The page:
17. 17. Pitfall #4: Failing to define equals as an equivalence relation: - In scala, Any class specifies that equals must implement an equivalence relation on non-null objects: • It is reflexive: for any non-null value x , the expression x.equals(x) should return true. • It is symmetric: for any non-null values x and y, x.equals(y) should return true if and only if y.equals(x) returns true. • It is transitive: for any non-null values x, y, and z, if x.equals(y) returns true and y.equals(z) returns true, then x.equals(z) should return true. • It is consistent: for any non-null values x and y, multiple invocations of x.equals(y) should consistently return true or consistently return false, provided no information used in equals comparisons on the objects is modified. • For any non-null value x, x.equals(null) should return false. - The definition of equals developed so far for class Point satisfies the contract for equals. - However, things become more complicated once subclasses are considered.
  18. 18. Symmetric Problem: class Point(val x: Int, val y: Int) { override def hashCode = 41 * (41 + x) + y // Redefine hashCode override def equals(other: Any) = other match { // Redefine equals() case that: Point => this.x == that.x && this.y == that.y case _ => false } } object Color extends Enumeration { val Red, Orange, Yellow, Green, Blue, Indigo, Violet = Value } class ColoredPoint(x: Int, y: Int, val color: Color.Value) extends Point(x, y) { // Problem: equals not symmetric override def equals(other: Any) = other match { case that: ColoredPoint =>this.color == that.color && super.equals(that) case _ => false } } scala> val p = new Point(1, 2) p: Point = Point@2b scala> val cp = new ColoredPoint(1, 2, Color.Red) cp: ColoredPoint =ColoredPoint@2b scala> p equals cp res:0 Boolean : true scala> cp equals p res:0 Boolean : false
  19. 19. Solution of Symmetric Problem but violated Transitivity contract: class Point(val x: Int, val y: Int) { override def hashCode = 41 * (41 + x) + y // Redefine hashCode override def equals(other: Any) = other match { // Redefine equals() case that: Point => this.x == that.x && this.y == that.y case _ => false } } object Color extends Enumeration { val Red, Orange, Yellow, Green, Blue, Indigo, Violet = Value } class ColoredPoint(x: Int, y: Int, val color: Color.Value) extends Point(x, y) { // Problem: equals not transitive override def equals(other: Any) = other match { case that: ColoredPoint =>this.color == that.color && super.equals(that) case that:Point=>that equals this //new case to make symmetric case _ => false } } scala> p equals cp res:0 Boolean : true scala> cp equals p res:0 Boolean : true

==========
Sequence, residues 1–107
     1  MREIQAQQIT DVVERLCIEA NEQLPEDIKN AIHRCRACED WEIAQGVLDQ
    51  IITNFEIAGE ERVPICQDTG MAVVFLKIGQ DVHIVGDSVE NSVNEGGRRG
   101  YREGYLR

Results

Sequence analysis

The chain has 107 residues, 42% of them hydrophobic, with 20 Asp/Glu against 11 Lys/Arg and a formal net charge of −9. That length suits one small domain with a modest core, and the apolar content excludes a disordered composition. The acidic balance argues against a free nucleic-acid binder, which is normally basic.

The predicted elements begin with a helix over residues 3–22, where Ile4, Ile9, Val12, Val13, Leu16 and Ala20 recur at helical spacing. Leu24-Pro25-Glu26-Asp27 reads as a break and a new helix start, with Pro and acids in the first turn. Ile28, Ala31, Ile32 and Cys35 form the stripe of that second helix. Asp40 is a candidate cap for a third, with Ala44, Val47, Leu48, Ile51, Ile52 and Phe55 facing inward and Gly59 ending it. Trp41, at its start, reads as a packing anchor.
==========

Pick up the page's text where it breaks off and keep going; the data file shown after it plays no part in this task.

20. 20. - Here’s a sequence of statements that demonstrates transitive. Define a point and two colored points of different colors, all at the same position: scala> var redp=new ColoredPoint(1,2,Color.Red) redp: ColoredPoint = ColoredPoint@6bc scala> var bluep=new ColoredPoint(1,2,Color.Blue) bluep: ColoredPoint = ColoredPoint@6bc scala> var p=new Point(1,2) p: Point = Point@6bc scala> redp == p res1: Boolean = true scala> p == bluep res1: Boolean = true scala> redp == bluep res1: Boolean = false- Hence, the transitivity clause of equals’s contract is violated.- One way to make equals stricter is to always treat objects of different classes as different.- That could be achieved by modifying the equals methods in classes Point and ColoredPoint.- In class Point, you could add an extra comparison that checks whether the run-time class of the other Point is exactly the same as this Point’s class, as follows:
  21. 21. Solution of Transitivity Problem:class Point(val x: Int, val y: Int) { override def hashCode = 41 * (41 + x) + y // Redefine hashCode override def equals(that: Any) = other match { // Redefine equals() case that: Point => this.x == that.x && this.y == that.y && this.getClass == that.getClass case _ => false }} object Color extends Enumeration { val Red, Orange, Yellow, Green, Blue, Indigo, Violet = Value }class ColoredPoint(x: Int, y: Int, val color: Color.Value) extends Point(x, y) { override def equals(that: Any) = other match { case that: ColoredPoint =>(this.color == that.color)&& super.equals(that) case _ => false }}scala> redp == p res:0 Boolean : falsescala> p == bluep res:0 Boolean : falsescala> redp == bluep res:0 Boolean : false
  22. 22. - Here, an instance of class Point is considered to be equal to some other instance of the same class only if the objects have the same coordinates and they have the same run-time class.- Meaning .getClass on either object returns the same value.- The new definitions satisfy symmetry and transitivity because now every comparison between objects of different classes yields false.- So a colored point can never be equal to a point.